Basic and observational studies suggest vitamins E or C may reduce risk of cardiovascular disease (CVD). However, few long-term trials have evaluated men at initially low risk of CVD, and no previous trial in men has examined vitamin C alone in the prevention of CVD.
To test whether long-term vitamin E or C supplementation decreases risk of major cardiovascular events among men.
Design, Setting, and Participants
The Physicians’ Health Study II (PHS II) is a randomized, double-blind, placebo-controlled factorial trial of vitamins E and C that began in 1997 and continued until its scheduled completion on August 31, 2007. We enrolled 14,641 U.S. male physicians initially aged ≥50 years, including 754 (5.1%) men with prevalent CVD at randomization.
Individual supplements of 400 IU vitamin E every other day and 500 mg vitamin C daily.
Main Outcome Measures
A composite endpoint of major cardiovascular events (nonfatal myocardial infarction (MI), nonfatal stroke, and CVD death).
During a mean follow-up of 8.0 years, there were 1,245 confirmed major cardiovascular events. Compared with placebo, vitamin E had no effect on the incidence of major cardiovascular events (both active and placebo vitamin E groups, 10.9 events per 1,000 person-years; hazard ratio [HR], 1.01; 95% confidence interval [CI], 0.90–1.13; P=0.86), as well as total MI (HR, 0.90; 95% CI, 0.75–1.07; P=0.22), total stroke (HR, 1.07; 95% CI, 0.89–1.29; P=0.45), and cardiovascular mortality (HR, 1.07; 95% CI, 0.90–1.29; P=0.43). There was also no significant effect of vitamin C on major cardiovascular events (active and placebo vitamin E groups, 10.8 and 10.9 events per 1,000 person-years, respectively; HR, 0.99; 95% CI, 0.89–1.11; P=0.91), as well as total MI (HR, 1.04; 95% CI, 0.87–1.24; P=0.65), total stroke (HR, 0.89; 95% CI, 0.74–1.07; P=0.21), and cardiovascular mortality (HR, 1.02; 95% CI, 0.85–1.21; P=0.86). Neither vitamin E (HR, 1.07; 95% CI, 0.97–1.18; P=0.15) nor vitamin C (HR, 1.07; 95% CI, 0.97–1.18; P=0.16) had a significant effect on total mortality, but vitamin E was associated with an increased risk of hemorrhagic stroke (HR, 1.74; 95% CI, 1.04–2.91; P=0.036).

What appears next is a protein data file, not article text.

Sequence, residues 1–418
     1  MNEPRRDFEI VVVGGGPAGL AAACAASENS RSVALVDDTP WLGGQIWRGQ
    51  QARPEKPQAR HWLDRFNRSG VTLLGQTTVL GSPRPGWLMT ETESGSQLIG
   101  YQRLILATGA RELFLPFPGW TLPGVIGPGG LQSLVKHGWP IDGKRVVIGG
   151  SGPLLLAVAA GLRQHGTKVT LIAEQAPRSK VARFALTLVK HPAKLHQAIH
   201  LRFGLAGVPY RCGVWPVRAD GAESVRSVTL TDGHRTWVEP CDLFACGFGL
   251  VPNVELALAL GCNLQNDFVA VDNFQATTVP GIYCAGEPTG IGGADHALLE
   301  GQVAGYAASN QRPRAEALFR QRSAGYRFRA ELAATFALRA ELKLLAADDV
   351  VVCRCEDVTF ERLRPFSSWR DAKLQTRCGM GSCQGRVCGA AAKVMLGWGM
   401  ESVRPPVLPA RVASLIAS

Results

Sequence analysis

In this large, long-term trial of male physicians, neither vitamin E nor C supplementation reduced the risk of major cardiovascular events. These data provide no support for the use of these supplements for the prevention of CVD in middle-aged and older men.
Keywords: vitamin E, vitamin C, cardiovascular disease, randomized clinical trial, men